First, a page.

I think these examples of Diabolical Narcissism in film are very instructive, and make for interesting posts. Remember, just because I coined the term “Diabolical Narcissism” doesn’t mean the phenomenon is new – it is exactly the opposite. DN predates the existence of human beings, as it is what Lucifer and the one-third of the angelic beings chose to do when they fell and were cast out of heaven. That happened BEFORE God created man. If you have watched my video presentation on DN, you know it basically hinges around 1 Corinthians 13: 1-5, in which St. Paul, inspired by The Holy Ghost, makes the chilling statement that the man who chooses not to love is, in the eyes of God, NOTHING. Nihil sum.
In this scene (2:30:00) at the end of the VERY GOOD film about St. Bernadette Soubirous and her visitation at Lourdes by The Blessed Virgin which Holy Mother Church celebrated yesterday and every February 11th, the Imperial Prosecutor, Vital Dutour, played by Vincent Price, always in contempt of Bernadette and especially of religion (remember, this is France just a few decades after the satanic French Revolution and the Vendee Genocide), after being diagnosed with terminal throat cancer, goes to the Grotto and makes this confession:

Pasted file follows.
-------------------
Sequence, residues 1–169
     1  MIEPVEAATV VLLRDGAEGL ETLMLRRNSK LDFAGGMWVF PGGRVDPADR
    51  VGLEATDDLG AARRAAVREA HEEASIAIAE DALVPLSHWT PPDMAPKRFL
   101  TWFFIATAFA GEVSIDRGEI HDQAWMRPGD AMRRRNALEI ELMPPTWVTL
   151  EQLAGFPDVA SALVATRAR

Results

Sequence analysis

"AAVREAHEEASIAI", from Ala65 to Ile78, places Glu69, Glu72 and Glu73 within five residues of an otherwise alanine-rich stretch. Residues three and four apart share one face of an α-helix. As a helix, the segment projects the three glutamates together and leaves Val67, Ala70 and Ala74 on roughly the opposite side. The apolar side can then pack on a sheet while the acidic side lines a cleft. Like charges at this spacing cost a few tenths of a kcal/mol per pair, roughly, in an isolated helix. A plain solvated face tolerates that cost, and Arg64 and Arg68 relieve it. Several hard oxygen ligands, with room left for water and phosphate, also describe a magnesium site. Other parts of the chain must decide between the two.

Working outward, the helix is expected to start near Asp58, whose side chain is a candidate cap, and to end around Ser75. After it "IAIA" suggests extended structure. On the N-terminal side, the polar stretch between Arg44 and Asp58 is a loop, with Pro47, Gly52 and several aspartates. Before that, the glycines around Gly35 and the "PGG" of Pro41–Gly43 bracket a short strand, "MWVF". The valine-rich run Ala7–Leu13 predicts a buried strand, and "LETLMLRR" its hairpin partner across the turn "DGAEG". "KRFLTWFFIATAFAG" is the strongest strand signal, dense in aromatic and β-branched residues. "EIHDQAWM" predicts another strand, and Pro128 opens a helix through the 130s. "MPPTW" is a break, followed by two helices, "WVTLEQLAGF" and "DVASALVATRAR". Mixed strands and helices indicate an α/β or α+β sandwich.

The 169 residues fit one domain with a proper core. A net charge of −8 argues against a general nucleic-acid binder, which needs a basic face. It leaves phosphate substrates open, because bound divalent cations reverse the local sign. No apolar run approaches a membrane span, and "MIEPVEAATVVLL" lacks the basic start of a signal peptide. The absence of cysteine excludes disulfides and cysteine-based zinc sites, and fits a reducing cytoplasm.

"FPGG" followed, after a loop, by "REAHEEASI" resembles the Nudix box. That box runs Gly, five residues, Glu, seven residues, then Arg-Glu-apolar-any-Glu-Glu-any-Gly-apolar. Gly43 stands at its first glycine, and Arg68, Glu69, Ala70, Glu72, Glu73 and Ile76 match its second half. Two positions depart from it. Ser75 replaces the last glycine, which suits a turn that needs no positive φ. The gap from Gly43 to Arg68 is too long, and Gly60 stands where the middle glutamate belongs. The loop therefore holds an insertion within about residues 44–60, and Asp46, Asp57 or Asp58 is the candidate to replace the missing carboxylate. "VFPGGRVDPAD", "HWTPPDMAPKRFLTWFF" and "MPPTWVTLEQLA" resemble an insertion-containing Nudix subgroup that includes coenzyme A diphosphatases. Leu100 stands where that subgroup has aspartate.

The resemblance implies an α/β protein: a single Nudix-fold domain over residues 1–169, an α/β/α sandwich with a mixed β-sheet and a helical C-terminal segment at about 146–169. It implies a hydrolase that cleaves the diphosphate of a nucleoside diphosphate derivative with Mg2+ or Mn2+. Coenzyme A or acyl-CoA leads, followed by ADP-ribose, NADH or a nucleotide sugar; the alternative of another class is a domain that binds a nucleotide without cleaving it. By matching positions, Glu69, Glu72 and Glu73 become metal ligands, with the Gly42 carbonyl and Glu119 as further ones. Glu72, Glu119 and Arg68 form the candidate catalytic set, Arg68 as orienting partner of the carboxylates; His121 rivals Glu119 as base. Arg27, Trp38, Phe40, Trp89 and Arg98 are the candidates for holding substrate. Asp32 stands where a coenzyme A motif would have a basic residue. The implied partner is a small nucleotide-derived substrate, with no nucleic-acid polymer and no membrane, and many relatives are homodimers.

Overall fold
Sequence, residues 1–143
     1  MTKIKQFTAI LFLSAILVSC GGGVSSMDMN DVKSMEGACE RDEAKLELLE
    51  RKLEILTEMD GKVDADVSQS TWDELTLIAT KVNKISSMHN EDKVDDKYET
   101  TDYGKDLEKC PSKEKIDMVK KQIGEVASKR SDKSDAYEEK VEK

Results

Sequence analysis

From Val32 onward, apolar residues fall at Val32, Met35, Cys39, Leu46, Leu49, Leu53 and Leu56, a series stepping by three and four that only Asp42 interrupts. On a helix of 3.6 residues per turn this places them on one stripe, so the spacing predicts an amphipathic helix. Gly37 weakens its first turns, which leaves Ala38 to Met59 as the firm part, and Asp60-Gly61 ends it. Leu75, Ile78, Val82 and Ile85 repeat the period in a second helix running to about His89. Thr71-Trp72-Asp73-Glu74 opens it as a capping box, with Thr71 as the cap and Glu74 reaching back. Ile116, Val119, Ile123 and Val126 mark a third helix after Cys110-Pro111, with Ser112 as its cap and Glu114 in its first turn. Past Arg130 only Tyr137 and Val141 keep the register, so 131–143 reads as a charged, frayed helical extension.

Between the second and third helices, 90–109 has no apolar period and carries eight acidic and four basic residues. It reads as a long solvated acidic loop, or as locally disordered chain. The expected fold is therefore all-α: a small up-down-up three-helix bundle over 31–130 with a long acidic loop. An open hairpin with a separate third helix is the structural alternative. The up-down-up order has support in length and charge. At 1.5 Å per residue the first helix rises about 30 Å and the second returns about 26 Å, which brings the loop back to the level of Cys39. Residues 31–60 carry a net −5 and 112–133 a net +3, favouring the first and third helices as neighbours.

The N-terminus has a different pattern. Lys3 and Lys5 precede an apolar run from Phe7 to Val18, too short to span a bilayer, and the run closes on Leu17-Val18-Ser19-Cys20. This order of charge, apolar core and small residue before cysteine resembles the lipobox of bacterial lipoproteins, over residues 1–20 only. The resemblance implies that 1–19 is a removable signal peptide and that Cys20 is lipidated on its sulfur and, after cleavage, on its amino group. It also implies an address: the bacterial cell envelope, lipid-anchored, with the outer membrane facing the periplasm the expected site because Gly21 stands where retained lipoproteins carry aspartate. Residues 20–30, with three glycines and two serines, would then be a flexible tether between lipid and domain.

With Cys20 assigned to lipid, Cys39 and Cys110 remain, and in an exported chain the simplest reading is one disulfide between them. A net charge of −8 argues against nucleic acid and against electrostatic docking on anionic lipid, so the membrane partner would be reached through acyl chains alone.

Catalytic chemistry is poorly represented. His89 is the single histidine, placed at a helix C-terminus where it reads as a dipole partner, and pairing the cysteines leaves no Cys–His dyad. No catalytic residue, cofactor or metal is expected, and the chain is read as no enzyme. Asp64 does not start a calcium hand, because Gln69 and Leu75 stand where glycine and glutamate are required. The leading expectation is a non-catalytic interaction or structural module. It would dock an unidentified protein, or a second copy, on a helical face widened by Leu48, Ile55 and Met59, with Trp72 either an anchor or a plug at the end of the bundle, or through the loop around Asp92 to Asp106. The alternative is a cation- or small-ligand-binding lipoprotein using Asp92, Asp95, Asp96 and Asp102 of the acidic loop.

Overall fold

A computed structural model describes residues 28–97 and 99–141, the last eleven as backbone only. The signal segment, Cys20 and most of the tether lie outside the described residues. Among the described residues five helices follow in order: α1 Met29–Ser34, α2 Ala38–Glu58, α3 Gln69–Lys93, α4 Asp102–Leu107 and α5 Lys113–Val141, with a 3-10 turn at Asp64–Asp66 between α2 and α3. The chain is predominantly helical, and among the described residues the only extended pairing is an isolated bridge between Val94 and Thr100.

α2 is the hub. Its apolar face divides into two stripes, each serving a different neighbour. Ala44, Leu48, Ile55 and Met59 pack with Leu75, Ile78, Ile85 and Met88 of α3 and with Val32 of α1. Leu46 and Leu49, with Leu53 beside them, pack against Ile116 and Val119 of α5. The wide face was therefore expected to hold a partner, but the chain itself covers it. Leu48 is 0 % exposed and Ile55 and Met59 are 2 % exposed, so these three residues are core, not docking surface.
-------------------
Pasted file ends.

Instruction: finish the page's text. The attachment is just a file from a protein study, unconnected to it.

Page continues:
“I am a stranger here. I am not like these thousands of souls flickering brightly and hopefully in the darkness. My pride has always stood between them and me. The pride of being a superior human being. But now I know that we are all a wretched animal species, distinguished from the insects only by nerve centers and false reasoning. A hungry cancer is feeding at my throat. Tomorrow I’ll crawl back to Langlois, hide in some hole of death and be heard of no more. I’ll be alone – alone and desolate. And why not? It’s logical. I’ll be alone because I have loved no one. No one and nothing. Not even myself. Nothing. Nothing.
Pray for me, Bernadette….”
This is a succinct description of Diabolical Narcissism. The otherness, the pathological haughtiness, the self-loathing, the self-pity, and most importantly the lovelessness. The freely-chosen lovelessness, which only leads, as St. Paul said, to NOTHINGNESS. Nihil sum.